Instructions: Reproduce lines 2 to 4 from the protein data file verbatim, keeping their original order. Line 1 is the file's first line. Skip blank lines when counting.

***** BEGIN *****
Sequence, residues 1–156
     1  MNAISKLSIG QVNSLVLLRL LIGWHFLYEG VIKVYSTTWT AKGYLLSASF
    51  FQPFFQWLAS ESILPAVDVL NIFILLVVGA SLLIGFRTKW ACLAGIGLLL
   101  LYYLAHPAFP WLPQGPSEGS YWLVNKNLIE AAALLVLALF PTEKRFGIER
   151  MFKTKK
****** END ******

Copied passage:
     1  MNAISKLSIG QVNSLVLLRL LIGWHFLYEG VIKVYSTTWT AKGYLLSASF
    51  FQPFFQWLAS ESILPAVDVL NIFILLVVGA SLLIGFRTKW ACLAGIGLLL
   101  LYYLAHPAFP WLPQGPSEGS YWLVNKNLIE AAALLVLALF PTEKRFGIER